New Indications Show How Gastric Bypass Lowers Diabetes

by Mark Benson on October 12, 2011

How Gastric Bypass Causes Diabetes Remission

For morbidly obese individuals, one of the ways to aggressively combat possible complications is through gastric bypass surgery. This involves reducing the stomach’s abilities through stapling or banding.

One of the observations post-surgery is the improvement of blood sugar control with many cases of individuals suffering from Type 2 diabetes into remission. This phenomenon of lowering blood sugar though remained a puzzle until now.

A recent study has found that circulating amino acids that contribute to insulin resistance would decline dramatically after gastric bypass surgery. A small study involving ten obese individuals suffering from the condition who had undergone the surgery was compared to individuals with diabetes who lost weight only through dieting and exercise.

According to Dr. Blandine Laferrere, Associate Professor of Medicine at St. Luke’s Roosevelt Hospital Center and Columbia University observed, “Something happens after gastric bypass that does not happen so much after the diet-induced weight loss.”

The theory is that through the reduction of the stomach’s size and modification of the junction between the stomach and the small intestine, amino acids that promote insulin resistance are reduced dramatically.

The researchers evaluated biochemical compounds that are active metabolic reactants. Each group had lost nearly twenty pounds and bypass patients had lower levels of branched chain amino acids together with lower levels of phenylalanine and tyrosine.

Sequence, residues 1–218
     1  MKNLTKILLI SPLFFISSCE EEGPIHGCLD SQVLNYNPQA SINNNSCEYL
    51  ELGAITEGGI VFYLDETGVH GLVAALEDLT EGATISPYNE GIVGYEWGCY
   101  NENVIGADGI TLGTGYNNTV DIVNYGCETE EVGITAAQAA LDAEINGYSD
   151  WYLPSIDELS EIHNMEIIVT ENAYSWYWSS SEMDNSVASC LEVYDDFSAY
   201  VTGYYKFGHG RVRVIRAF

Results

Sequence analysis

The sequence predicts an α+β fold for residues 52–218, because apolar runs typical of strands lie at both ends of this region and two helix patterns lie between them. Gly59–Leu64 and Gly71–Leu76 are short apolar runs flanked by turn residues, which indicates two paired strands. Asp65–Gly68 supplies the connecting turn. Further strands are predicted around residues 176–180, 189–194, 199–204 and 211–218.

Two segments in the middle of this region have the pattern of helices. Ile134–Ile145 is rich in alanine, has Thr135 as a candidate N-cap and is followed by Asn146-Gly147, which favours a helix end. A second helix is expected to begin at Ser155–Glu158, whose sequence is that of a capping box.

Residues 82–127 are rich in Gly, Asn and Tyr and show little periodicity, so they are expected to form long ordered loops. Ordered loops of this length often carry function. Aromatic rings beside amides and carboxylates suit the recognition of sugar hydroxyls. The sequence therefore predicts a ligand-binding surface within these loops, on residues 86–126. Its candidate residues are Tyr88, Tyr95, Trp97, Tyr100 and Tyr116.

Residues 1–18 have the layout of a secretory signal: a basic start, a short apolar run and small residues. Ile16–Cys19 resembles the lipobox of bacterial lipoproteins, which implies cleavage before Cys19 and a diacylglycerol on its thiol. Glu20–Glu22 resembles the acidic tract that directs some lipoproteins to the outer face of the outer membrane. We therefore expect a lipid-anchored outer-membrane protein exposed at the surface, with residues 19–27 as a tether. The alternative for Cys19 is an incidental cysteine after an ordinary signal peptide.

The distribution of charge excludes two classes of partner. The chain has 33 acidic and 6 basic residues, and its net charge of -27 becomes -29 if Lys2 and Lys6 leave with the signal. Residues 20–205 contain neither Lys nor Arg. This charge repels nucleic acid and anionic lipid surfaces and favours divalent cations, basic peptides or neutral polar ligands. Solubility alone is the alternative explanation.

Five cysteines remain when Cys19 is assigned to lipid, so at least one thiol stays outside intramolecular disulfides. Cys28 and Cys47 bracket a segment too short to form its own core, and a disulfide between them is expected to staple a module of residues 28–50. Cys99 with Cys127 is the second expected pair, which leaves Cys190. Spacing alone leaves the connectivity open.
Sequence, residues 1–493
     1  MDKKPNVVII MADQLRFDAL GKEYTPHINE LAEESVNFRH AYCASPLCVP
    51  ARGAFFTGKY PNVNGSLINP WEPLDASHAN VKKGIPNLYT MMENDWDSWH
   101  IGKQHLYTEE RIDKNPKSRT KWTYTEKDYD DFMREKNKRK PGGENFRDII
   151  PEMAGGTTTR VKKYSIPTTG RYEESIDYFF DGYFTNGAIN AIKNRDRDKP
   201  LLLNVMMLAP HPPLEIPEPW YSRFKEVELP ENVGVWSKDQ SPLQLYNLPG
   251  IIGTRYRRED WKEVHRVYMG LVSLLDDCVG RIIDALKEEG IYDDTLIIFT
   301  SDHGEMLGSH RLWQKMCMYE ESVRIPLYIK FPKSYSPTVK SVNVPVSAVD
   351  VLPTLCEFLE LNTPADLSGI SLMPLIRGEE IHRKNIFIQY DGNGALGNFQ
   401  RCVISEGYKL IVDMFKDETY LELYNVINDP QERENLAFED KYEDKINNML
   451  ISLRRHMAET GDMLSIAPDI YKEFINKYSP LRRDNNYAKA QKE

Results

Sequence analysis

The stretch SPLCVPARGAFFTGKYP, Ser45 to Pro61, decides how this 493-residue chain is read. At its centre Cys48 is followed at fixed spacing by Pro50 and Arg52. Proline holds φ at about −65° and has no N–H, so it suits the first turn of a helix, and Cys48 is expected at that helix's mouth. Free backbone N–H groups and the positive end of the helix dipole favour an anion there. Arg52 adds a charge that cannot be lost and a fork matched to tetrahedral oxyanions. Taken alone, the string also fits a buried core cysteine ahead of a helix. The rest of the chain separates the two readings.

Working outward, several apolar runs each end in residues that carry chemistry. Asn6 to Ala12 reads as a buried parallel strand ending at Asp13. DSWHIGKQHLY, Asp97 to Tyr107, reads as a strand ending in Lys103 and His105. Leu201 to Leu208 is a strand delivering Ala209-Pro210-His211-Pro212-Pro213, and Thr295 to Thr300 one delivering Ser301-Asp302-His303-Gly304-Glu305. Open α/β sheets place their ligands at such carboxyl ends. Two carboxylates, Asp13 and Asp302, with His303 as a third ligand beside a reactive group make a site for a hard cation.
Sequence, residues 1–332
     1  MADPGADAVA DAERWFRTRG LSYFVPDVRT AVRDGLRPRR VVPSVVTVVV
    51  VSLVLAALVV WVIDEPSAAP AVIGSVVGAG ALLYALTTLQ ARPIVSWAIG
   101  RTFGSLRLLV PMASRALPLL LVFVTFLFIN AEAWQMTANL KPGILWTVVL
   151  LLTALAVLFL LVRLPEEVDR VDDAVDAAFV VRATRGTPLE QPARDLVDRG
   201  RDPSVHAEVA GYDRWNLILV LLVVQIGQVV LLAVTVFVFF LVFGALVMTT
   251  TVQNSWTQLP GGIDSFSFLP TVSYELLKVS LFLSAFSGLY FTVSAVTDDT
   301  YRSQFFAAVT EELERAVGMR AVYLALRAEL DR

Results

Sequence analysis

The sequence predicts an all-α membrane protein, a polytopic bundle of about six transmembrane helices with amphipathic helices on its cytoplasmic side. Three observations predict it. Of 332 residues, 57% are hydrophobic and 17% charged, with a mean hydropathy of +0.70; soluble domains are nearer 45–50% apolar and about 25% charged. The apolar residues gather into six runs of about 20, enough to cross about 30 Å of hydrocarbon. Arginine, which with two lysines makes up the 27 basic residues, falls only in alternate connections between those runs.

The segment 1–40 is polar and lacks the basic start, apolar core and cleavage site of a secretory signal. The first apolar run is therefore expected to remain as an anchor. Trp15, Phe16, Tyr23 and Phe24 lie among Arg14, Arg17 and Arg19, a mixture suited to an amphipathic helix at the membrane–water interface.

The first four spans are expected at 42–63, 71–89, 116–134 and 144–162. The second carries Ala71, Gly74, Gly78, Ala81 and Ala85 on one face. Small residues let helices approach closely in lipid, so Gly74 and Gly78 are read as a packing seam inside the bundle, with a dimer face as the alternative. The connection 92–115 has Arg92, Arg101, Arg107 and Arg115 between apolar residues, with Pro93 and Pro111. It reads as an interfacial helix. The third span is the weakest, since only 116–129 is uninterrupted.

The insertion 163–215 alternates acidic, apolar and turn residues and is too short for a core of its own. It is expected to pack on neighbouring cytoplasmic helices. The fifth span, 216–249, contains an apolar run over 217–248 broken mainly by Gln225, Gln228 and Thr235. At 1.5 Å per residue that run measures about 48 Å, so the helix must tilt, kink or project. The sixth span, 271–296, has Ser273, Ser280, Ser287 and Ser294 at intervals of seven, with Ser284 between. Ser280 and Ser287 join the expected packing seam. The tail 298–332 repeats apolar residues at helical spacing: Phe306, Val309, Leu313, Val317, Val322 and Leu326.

Laferrere adds, “The fact that gastric bypass results in the remission of diabetes in the majority of patients is not new. Those changes in the amino acids could be implicated in the mechanism of diabetes remission after gastric bypass.”

She does however warn that individuals suffering from diabetes should not pick surgery over diet and exercise. The surgery is highly invasive and the slow healing metabolism characteristic of a diabetic poses a major concern for the procedure. She further added that only after greater understanding how the surgery relates to the amino acid reduction, a better regimen of diabetes treatments might be developed in the future.

The opinions expressed in this article do not necessarily reflect the views of the Community and should not be interpreted as medical advice. Please see your doctor before making any changes to your diabetes management plan.

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